Middle Aged 'Fortnite' Player Arrested for Threatening to Kill 11-Year-Old Boy Who Beat Him

A New York man has been arrested on suspicion of threatening to kill an 11-year-old boy who beat him at the popular online video game Fortnite.

Michael Aliperti, 45, of Long Island, allegedly threatened to shoot the boy via text and online voice messages sent through the Xbox console while suggesting he knew what school he went to.

According to Suffolk County Police Chief of Department Stuart Cameron, Aliperti told the child he “would cause him pain [and] that he would find him with a gun,” at around 9 p.m. on September 17 after losing to him on the hugely popular battle royale multiplayer game.

“I will come to your house tonight and fuck your world up. I'm gonna fucking fuck your world up,” Aliperti added, according to the criminal complaint seen by the New York Post.

Aliperti had reportedly been playing Fortnite with the 11-year-old for several months before making the threat.

He was arrested at his home at about 1:40 a.m. on September 18 and charged with second-degree aggravated harassment and acting in a manner to injure a child, police said.

There was an increased police presence at the boy's school after his family reported the incident.

Michael Aliperti was arrested on suspicion of aggravated harassment and acting in a manner to injure a child following the threat against the 11-year-old. Suffolk County Police

"We took this as a school threat," Cameron said during a press conference, reported Newsday. "That was done out of an abundance of caution."

Aliperti's lawyer, Andrew Karpf, is seeking transcripts from the night in question, adding his client is going through a “tough divorce.”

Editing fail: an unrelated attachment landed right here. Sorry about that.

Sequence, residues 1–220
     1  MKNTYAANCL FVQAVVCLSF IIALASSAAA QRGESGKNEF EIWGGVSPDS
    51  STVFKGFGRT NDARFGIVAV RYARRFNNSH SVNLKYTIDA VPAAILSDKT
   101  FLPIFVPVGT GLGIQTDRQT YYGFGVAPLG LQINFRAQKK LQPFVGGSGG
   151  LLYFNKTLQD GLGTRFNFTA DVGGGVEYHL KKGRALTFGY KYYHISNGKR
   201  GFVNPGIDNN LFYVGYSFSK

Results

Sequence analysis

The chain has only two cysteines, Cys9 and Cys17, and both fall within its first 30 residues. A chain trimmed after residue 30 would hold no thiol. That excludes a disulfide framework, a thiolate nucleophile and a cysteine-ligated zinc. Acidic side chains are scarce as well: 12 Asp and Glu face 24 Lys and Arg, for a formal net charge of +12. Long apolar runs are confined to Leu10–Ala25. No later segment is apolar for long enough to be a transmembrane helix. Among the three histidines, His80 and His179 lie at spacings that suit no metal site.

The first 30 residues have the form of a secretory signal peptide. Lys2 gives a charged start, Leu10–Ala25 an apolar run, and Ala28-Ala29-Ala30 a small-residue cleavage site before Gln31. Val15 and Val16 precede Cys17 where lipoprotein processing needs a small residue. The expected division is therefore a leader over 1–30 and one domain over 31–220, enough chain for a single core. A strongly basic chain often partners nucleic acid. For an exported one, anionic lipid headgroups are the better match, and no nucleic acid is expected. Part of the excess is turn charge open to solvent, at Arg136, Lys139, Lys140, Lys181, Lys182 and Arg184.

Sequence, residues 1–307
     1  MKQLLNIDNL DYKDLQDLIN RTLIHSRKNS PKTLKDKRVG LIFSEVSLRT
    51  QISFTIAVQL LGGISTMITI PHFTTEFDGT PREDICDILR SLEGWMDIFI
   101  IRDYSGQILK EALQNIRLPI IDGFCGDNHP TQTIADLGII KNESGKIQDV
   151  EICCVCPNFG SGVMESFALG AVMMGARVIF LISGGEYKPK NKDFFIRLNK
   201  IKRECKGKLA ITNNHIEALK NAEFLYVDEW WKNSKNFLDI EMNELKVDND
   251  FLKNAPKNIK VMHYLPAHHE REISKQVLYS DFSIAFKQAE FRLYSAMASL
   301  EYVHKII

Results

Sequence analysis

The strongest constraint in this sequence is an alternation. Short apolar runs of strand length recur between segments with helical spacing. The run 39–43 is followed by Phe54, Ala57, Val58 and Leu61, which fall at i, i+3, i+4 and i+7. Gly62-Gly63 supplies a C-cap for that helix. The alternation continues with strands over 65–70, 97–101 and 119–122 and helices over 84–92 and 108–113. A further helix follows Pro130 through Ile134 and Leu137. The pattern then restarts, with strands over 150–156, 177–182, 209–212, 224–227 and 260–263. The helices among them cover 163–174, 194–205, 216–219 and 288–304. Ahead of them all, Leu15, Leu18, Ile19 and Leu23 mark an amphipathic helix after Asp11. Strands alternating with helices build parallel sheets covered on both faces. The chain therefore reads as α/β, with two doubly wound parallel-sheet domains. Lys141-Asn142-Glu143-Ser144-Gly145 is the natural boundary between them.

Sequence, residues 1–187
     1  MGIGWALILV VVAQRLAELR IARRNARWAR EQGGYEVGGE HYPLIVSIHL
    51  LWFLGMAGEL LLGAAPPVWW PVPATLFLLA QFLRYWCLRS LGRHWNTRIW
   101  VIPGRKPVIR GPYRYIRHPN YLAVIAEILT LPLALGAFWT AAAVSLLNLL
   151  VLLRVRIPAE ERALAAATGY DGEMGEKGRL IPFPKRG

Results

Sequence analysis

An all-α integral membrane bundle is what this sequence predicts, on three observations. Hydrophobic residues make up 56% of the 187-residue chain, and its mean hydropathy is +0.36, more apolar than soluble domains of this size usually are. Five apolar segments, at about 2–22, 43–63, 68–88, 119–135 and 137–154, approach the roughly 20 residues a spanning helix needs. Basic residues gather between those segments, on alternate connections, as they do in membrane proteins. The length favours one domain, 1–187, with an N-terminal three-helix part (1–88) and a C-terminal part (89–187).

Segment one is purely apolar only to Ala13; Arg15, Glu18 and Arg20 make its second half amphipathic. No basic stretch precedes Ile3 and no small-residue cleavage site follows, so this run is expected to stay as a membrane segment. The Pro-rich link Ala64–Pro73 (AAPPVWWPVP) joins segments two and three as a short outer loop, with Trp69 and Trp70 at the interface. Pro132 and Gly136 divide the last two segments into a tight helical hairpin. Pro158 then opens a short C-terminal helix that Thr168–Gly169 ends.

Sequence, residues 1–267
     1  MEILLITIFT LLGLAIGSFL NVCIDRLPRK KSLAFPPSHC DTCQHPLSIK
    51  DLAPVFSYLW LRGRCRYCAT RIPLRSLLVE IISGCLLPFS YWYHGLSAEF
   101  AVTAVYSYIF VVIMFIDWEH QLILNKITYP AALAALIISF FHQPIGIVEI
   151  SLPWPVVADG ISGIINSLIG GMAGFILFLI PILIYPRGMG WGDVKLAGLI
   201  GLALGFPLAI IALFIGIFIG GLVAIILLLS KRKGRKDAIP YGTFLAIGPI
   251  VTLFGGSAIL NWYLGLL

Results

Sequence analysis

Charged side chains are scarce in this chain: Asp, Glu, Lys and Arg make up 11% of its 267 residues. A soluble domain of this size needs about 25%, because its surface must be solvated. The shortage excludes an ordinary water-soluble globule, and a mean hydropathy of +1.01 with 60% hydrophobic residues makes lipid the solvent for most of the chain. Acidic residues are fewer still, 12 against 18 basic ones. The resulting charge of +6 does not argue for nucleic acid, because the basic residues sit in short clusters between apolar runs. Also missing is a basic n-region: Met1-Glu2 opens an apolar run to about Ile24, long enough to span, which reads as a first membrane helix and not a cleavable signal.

“Salty language is a two-way street and it's normal behavior in the gaming community,” Karpf told Newsday.

“I find this to be a very troubling thing,” Cameron added. “It kind of gives a new definition of sore loser.”

Aliperti's bail was set at $2,500 following his arrest and an order of protection was issued for the boy. Aliperti denied the charges against him during his arraignment at First District Court in Central Islip.

Kings Park Central School District Superintendent, Timothy Eagen, warned parents about the potential dangers of online gaming in the wake of the incident.

“Many of our children (mine included) engage in gaming on the internet. The newest craze is over the game Fortnite. We should all use this incident as an important reminder that children should not be gaming with individuals that they do not know,” Eagen wrote in a letter posted onto the district's website.

“If you have school-age children that game online, kindly consider speaking to them about the importance of this later today.”

Fornite has become a cultural phenomenon since it was released by Epic Games last year and currently has an estimated 125 million worldwide users.